Project Status

Project Type:  Sand Dam

Regional Program: Southeastern Kenya WaSH Program

Impact: 250 Served

Project Phase:  In Service - Jun 2023

Functionality Status:  Functional

Last Checkup: 11/28/2023

Project Features

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Sometimes, the only accomplishment the 250 people in Kasioni can manage in a day is collecting water.

Those who live farthest away travel up to eight kilometers (4.97 miles) to reach the nearest dry riverbed, where they scoop up what little water they can find. The journey can last hours, draining all the community members' energy—multiple people we interviewed reported leaving for water at around 6 a.m. and not returning until 1 p.m. The toll this journey takes on the 278 people who live here is constant.

"When I was in primary school, I missed school a lot," said 18-year-old Kaluki M (shown collecting water above). "I used to wake up at 4 a.m. to go to fetch water. This would make me fail to attend school, hence my performance kept on deteriorating. Getting water near us will be good [for] us as we shall no longer have to walk for very long distances and miss school. My health will improve so much, as well as the life expectancy of locals."

And it's not only the community members' productivity that suffers. The lack of proper crop irrigation has crippled their ability to feed their families and produce any income. They can't keep themselves, their homes, or their clothes clean. The salty water from the scoop holes doesn't allow food to cook properly. And the community members share these scoop holes with wildlife and domestic animals, who often defecate in or around the water as they drink.

“Households with travel times greater than 30 minutes have been shown to collect progressively less water. Limited water availability may also reduce the amount of water that is used for hygiene in the household.” - (The Relationship between Distance to Water Source and Moderate-to-Severe Diarrhea in the Global Enterics Multi-Center Study in Kenya, 2008–2011) - American Journal of Tropical Science and Medicine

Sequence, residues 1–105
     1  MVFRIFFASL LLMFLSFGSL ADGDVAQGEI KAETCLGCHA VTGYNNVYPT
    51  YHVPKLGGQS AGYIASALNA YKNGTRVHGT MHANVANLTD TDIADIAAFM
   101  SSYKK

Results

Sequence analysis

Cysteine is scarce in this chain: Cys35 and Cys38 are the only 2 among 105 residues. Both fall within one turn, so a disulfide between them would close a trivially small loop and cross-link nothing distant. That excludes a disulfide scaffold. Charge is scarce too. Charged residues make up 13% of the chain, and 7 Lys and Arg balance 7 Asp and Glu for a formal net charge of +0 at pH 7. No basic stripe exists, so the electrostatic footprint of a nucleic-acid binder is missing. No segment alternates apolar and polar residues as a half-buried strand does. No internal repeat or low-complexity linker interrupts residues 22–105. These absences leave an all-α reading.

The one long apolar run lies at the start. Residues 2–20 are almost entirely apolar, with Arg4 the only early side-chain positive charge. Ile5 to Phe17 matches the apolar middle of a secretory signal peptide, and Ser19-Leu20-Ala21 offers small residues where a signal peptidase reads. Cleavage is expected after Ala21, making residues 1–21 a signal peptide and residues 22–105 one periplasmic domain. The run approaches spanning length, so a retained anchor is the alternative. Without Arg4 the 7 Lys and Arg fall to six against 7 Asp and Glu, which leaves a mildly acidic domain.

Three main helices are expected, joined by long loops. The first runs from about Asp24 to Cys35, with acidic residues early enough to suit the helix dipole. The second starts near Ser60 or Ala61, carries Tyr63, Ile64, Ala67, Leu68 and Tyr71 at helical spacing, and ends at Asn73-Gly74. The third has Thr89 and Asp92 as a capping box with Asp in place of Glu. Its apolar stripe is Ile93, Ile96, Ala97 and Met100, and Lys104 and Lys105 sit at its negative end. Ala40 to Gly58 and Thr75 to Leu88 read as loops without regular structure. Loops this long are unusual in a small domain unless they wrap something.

"[The] water challenges in our community make me feel less [like a] human being," said 58-year-old farmer Malia Musyoka (pictured below). "Myself, I have underlying health problems. Actually, I just reported back home some few months ago from the hospital. I am alone at my home now. The duties in my home are demanding, and the most demanding is getting water. The roads are very dusty, and because I have asthma, anytime I walk to the river, I must come back sick."

The water crisis in Kasioni leaves people tired, hungry, sick, and poor, with no way out. A water source nearer to them will change that.

What We Can Do:

Our main entry point into the community is the Self-Help Group, which comprises households working together to address water and food scarcity in their region. These members will be our hands and feet in constructing water projects and spreading the message of good hygiene and sanitation to everyone.

Sand Dam

After the community picked the ideal spot, our technical team went in and proved the viability by finding a good foundation of bedrock. Now, our engineers are busy drawing up the blueprints.

We are unified with this community to address the water shortage. As more sand dams are built, the environment will continue to transform. As the sand dams mature and build up more sand, the water tables will rise. Along with this sand dam, a hand-dug well will be installed to give community members an easy, safe way to access that water.

Building this sand dam and the well in this community will help bring clean water closer to the many people living here.


These community members currently do their best to practice good hygiene and sanitation, but their severe lack of water has significantly hindered reaching their fullest potential.